Coronado Trail Scenic Byway is a stretch of U.S. Route 191 between Springerville and Clifton, in Arizona, USA. The road is narrow and winding, dipping from one curve to the next and it’s said to have 460 curves. The highest point of the road is located 4 miles south of Hannagan Meadow, in Greenlee County, topping out at 2.860m (9,383ft) above the sea level. It's one of the highest mountain roads of Arizona.
How long is Coronado Trail Scenic Byway?
The drive is spectacular and uncrowded. It’s a difficult road, with uncountable turns and twists. It was named after the Spanish explorer Francisco Vasquez de Coronado who explored this area in 1540 on a quest to find the Seven Cities of Cíbola. The highway is the primary route to access Canyon de Chelly National Monument. This is a very dangerous mountain road with many sharp curves and little or no shoulders on steep cliffs. The entire road is paved. It’s one of the least traveled federal highways. This is a meandering, moseying, slow-motion drive. The 197.9 km (123.0 mi) of pavement between Springerville and Clifton feature 460 curves skirting the eastern edge of the Apache-Sitgreaves National Forests. Thrilling, scary and dramatic, but speedy it’s not.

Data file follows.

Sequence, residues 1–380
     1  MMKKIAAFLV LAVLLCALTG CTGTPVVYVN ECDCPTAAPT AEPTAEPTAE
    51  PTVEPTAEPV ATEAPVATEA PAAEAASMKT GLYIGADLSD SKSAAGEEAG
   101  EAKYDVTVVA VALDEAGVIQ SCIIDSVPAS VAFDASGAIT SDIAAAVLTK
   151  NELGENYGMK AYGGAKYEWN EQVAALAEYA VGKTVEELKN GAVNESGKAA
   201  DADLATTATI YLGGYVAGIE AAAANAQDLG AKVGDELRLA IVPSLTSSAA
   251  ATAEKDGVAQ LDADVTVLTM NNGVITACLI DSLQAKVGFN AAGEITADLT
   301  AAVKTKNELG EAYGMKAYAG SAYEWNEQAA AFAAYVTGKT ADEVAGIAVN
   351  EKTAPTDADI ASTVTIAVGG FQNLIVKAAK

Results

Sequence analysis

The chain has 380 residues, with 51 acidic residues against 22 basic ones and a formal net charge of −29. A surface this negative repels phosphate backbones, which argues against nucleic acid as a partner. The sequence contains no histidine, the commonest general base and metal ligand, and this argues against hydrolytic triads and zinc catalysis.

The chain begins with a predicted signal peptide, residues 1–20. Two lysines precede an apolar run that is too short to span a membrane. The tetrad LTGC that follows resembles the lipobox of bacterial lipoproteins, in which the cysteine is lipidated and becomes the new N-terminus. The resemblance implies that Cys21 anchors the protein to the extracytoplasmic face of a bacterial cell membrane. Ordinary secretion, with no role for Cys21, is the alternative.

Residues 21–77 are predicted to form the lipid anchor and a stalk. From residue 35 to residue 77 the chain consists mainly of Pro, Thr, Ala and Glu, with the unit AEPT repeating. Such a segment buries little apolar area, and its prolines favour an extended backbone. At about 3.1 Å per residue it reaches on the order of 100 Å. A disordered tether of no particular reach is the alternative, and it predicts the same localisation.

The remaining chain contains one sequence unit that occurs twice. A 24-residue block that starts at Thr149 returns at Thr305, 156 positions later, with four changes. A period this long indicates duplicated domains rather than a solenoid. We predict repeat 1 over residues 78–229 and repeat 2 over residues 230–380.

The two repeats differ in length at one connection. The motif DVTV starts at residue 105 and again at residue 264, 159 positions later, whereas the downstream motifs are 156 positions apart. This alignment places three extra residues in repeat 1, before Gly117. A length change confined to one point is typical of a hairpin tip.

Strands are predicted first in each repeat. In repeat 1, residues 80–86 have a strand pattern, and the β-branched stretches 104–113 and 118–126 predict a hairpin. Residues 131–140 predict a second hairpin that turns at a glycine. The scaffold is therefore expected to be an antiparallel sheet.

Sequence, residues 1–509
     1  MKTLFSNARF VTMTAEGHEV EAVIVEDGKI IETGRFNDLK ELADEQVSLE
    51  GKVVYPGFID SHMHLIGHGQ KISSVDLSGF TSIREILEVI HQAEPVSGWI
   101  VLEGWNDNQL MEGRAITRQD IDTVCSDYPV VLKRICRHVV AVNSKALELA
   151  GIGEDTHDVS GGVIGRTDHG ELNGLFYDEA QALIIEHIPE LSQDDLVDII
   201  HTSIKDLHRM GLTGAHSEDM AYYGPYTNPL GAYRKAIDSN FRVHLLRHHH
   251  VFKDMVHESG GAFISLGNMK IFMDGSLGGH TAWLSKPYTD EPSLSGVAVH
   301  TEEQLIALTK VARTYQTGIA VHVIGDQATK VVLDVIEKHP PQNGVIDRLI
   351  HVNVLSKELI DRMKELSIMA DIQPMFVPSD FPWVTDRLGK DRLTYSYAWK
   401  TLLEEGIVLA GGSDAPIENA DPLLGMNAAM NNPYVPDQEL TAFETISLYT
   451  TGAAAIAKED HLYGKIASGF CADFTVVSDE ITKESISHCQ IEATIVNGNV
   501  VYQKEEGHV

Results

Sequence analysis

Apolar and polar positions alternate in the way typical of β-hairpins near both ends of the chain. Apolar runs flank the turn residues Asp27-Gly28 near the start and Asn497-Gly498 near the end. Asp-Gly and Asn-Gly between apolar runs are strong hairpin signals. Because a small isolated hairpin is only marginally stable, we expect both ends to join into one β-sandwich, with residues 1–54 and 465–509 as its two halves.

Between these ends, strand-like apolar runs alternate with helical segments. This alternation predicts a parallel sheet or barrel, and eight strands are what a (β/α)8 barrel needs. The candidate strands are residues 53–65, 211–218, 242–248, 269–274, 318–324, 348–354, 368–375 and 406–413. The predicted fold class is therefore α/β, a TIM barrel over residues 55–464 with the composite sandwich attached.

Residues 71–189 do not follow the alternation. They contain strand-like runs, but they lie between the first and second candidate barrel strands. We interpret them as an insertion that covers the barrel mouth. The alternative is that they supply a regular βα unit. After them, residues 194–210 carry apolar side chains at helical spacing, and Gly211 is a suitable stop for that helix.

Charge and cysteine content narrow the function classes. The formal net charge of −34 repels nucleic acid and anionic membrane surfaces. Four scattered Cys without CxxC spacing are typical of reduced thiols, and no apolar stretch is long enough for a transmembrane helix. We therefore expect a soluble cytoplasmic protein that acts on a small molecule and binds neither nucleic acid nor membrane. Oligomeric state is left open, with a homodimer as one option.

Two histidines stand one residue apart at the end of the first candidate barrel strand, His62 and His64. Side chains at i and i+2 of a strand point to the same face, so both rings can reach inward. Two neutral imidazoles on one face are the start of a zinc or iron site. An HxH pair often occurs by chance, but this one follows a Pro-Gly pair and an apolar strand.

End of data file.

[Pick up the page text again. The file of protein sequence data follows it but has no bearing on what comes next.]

How long does it take to drive the Coronado Trail Scenic Byway?
This road is usually open all year, but it can be closed anytime when the access is not cleared of snow. Snow is not plowed from the road on weekends or at night in the winter. Be sure and gas up in Alpine. There are no service stations along this stretch of road. This is a good drive at any season of the year. It’s the only up-land road on the district kept open during the winter when it’s plowed between the hours of 8:00 am and 5:00 pm—weekdays only. Allow four to five hours of driving time, including over 400 switchbacks. Make sure your gas tank is full before heading out. In many places the road has no shoulder, so not a good place for either novice or nervous drivers.